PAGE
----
Third generation now runs Stewartstown area business

From the 7/25/99 issue of York Sunday News.

By Barb Krebs

Shaw Orchards, located on the Mason-Dixon Line south of Stewartstown, is celebrating 90 fruitful years of success -- and a lot of change along the way.

In fact, change is the name of the game at the third-generation family orchard started in 1909 by Russell Shaw.

To win the game -- which in this case means keeping the business thriving -- Russell's grandson Glenn W. Shaw has had to embrace change rather than regard it with a suspicious eye.

"What sells is size and color. There are techniques we use now to improve size. Especially with peaches we do things like blossom thinning that we didn't used to do," said Shaw, who now owns and operates the orchard business.

And with the introduction of new varieties of apples and other fruits, growers find it necessary to plant new trees to keep pace with the market, he said.

Planting roots:

The Shaws know their orchard's roots well. It was Russell, then age 18, who had the idea to start planting trees in 1909 while working with his father, Calvin W. Shaw, at the Stewartstown Railroad and seeing apples packed in barrels headed for East Coast shipping ports. He thought the Shaws should plant apples on their farm to take advantage of this new export commodity.

Russell's young orchard prospered and was well-established when his son, Clay, took over the business in 1951. The industry saw many changes then, such as dwarfing rootstocks, which made trees smaller and their fruit easier to harvest.

The Shaws keep a piece of their early history on display in their farm market -- several of the barrels used to pack and ship apples in Clay's day.

"A small person had to reach into the barrel and place concentric rings of apples around the bottom," said Mary Sue Shaw, who has worked alongside her husband as farm-market manager for the past 20 years. "The barrel was then filled with loose apples and was inverted making the crowned end at the top so it would look pretty when it was opened."

Glenn Shaw, Clay's son, took over the business in 1973, concentrating on replanting with the most up-to-date varieties. Shaw said he was the first in the area to plant the Gala variety of apples, now a popular variety.

The Shaw's Civil War-era home sits just north of the Mason-Dixon Line in Pennsylvania. The old packing house, site of the farm market, and most of their orchards are located in Maryland.

More available:

The farm market has become diversified through the years. The Shaws now sell a wider variety of fruits grown in the orchards as well as local vegetables and homemade jams and jellies, apple butter and apple cider, baked goods, salad dressings, honey, and syrups.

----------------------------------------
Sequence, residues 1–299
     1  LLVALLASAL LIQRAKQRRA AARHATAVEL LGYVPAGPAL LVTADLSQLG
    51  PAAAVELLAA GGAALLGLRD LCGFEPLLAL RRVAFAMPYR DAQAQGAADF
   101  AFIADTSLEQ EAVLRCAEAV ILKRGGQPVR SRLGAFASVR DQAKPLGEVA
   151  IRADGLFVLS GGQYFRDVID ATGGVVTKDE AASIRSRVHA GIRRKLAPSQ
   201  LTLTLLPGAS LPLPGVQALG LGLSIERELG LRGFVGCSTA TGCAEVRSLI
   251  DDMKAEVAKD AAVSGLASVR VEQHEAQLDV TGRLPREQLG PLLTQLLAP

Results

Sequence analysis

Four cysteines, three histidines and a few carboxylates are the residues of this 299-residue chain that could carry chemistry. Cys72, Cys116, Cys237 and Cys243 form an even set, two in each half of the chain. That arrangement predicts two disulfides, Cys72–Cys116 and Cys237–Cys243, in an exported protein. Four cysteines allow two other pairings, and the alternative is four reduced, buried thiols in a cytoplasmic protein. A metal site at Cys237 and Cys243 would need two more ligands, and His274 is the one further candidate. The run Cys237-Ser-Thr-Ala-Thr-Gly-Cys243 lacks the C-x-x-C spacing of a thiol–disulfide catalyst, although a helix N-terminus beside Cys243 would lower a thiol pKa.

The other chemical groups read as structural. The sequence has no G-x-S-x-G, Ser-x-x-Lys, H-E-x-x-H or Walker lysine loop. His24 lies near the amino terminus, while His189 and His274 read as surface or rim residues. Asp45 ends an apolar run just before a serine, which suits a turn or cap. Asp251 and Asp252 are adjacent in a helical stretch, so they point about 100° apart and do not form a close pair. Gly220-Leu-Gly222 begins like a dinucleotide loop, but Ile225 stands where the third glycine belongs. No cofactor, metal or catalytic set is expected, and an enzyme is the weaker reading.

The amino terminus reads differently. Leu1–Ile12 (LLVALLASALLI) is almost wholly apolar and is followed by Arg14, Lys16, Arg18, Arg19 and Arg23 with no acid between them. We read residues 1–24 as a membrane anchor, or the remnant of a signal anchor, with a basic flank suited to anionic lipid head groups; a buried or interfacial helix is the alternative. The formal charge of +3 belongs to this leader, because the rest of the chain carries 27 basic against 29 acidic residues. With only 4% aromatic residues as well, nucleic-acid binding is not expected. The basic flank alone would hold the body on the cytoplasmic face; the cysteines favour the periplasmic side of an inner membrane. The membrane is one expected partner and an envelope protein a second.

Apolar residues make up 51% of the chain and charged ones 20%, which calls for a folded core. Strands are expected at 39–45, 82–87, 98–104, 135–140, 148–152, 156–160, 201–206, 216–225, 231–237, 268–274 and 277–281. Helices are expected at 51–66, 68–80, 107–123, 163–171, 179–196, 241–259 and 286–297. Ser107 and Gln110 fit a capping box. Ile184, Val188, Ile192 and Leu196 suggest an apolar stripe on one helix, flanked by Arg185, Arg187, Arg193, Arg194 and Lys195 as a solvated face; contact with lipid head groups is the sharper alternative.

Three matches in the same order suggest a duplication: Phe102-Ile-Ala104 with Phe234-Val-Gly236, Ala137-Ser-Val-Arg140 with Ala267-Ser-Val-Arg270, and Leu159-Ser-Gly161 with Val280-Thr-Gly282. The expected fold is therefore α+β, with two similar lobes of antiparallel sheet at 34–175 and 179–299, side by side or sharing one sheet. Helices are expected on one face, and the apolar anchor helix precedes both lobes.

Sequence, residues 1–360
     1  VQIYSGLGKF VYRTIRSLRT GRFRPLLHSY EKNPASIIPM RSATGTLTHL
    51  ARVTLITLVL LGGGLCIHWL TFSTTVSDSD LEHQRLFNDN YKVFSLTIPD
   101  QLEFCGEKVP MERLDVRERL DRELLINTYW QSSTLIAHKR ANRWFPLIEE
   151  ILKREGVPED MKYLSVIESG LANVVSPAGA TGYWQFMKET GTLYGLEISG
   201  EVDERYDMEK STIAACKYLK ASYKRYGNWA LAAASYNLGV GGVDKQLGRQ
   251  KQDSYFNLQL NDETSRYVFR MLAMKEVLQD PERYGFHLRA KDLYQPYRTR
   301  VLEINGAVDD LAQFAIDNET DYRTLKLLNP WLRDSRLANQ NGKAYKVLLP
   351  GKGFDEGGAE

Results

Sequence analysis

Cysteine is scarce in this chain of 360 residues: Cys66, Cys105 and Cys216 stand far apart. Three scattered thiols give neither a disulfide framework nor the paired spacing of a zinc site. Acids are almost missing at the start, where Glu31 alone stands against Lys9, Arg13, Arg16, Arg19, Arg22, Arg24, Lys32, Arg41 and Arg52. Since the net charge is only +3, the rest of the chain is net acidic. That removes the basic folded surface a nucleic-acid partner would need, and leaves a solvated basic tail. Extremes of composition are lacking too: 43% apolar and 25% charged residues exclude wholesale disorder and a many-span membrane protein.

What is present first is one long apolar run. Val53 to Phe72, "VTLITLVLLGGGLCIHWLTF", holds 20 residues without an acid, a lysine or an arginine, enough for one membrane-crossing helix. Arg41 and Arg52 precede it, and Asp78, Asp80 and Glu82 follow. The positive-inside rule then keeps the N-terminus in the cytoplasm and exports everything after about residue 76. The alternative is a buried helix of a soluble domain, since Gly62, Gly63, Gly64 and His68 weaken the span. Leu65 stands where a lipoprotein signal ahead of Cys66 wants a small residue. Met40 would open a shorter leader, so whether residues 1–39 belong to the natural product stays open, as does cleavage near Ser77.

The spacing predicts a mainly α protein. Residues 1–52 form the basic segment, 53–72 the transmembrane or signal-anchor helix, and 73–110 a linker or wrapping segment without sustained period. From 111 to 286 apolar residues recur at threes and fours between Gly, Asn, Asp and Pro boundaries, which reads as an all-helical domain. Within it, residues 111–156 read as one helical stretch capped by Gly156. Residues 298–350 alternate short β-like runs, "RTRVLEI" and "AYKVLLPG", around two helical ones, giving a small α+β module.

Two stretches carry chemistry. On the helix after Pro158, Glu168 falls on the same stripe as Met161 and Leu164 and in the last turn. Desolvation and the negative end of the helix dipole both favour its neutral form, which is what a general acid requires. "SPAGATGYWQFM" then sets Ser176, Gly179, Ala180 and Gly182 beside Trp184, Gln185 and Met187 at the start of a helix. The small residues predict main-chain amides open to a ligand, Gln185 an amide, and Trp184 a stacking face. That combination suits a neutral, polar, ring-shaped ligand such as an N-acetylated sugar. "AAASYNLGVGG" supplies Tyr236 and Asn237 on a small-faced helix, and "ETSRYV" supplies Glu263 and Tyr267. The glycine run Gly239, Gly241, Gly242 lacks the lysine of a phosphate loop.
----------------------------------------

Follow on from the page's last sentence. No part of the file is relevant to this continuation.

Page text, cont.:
"More is better. The more you have the more likely you are to be able to please the customer," said Mary Sue Shaw.

With the closing of some supermarket chains and the consolidation of others, the number of wholesale buyers is decreasing. Glenn Shaw said growers will have to become larger to compete in the wholesale market.

All of the country's growers are facing stiff competition from China where raising apples has become big business.

In addition to the fruit sold at their farm market, the Shaws supply a number of local stores and ship fresh market apples to a large Adams County packing house that packs and ships more than a million bushels of apples a year.

The processing apples used for juice and apple sauce are shipped to Knouse Foods in Adams County.


Fruit growers face many challenges, not the least of which is weather. Each year seems hotter and drier than the last, Glenn Shaw said.

With the current drought conditions, he is irrigating some of his trees, using water from a farm pond. He plans to begin pumping water from an old hand dug well that has never been used for irrigation before.

So far this year, the Shaws have not had to contend with hail -- the most dreaded weather problem of all for fruit growers. A hail storm has the potential to destroy the current crop and seriously damage the following year's crop, as well.

Finding farm labor is always a challenge when it comes to managing the 175-acre orchard, Glenn Shaw said. He has 15 full and part time employees, including migrant workers.

Bees, necessary for pollination are also sometimes in short supply in the orchard, he said. A local bee keeper has hives on the farm and, during peak blossom season, Glenn Shaw also rents about 40 hives.

Labor of love:

Despite all the potential problems with growing fruit, the Shaws say they love it.

"It's in our blood. Glenn was raised in the industry, and he's the happiest growing fruit," said Mary Sue Shaw. "There are challenges, but it wouldn't be as rewarding if it weren't quite so challenging."

Although the busiest time of the year runs from April until Thanksgiving, growers are under the most pressure during peach season.

"They (peaches) are so perishable. It is a lot of pressure. You have to pick them carefully and get them in without bruising them and get them marketed before they get soft. Apples are so much easier to handle," said Mary Sue Shaw.

Growers do more than harvest fruit. The trees are pruned at least once a year, and new trees are planted on an annual basis.

As the Shaws look ahead to the new millennium, they continue to research new varieties and techniques to trim production costs while continuing to please customers.

New marketing tools, such as the Internet, have increased their exposure. Under the management of their son, Barron Shaw, they have their own Web site --

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